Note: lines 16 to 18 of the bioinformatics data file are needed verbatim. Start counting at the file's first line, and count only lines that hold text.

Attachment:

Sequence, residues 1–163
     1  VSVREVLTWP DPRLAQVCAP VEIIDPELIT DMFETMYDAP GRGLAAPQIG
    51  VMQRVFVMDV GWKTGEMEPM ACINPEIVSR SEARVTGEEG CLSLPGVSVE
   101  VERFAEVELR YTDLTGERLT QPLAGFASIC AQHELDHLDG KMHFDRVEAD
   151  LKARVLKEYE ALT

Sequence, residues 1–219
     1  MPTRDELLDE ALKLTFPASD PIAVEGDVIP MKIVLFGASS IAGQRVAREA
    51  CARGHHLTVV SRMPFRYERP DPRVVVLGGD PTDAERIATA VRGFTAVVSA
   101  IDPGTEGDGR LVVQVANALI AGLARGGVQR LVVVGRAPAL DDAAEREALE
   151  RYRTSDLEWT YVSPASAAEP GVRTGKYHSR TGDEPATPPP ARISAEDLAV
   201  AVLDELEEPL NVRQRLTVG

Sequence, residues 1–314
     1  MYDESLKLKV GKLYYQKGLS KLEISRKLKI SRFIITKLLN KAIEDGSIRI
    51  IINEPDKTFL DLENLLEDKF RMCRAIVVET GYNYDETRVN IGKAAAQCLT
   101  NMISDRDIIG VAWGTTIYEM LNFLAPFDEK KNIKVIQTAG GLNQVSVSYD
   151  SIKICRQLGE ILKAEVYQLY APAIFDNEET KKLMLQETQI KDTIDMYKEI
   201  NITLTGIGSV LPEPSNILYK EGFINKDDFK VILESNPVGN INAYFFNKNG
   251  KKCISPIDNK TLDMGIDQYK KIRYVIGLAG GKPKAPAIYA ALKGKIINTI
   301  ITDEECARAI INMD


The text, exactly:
   151  SIKICRQLGE ILKAEVYQLY APAIFDNEET KKLMLQETQI KDTIDMYKEI
   201  NITLTGIGSV LPEPSNILYK EGFINKDDFK VILESNPVGN INAYFFNKNG
   251  KKCISPIDNK TLDMGIDQYK KIRYVIGLAG GKPKAPAIYA ALKGKIINTI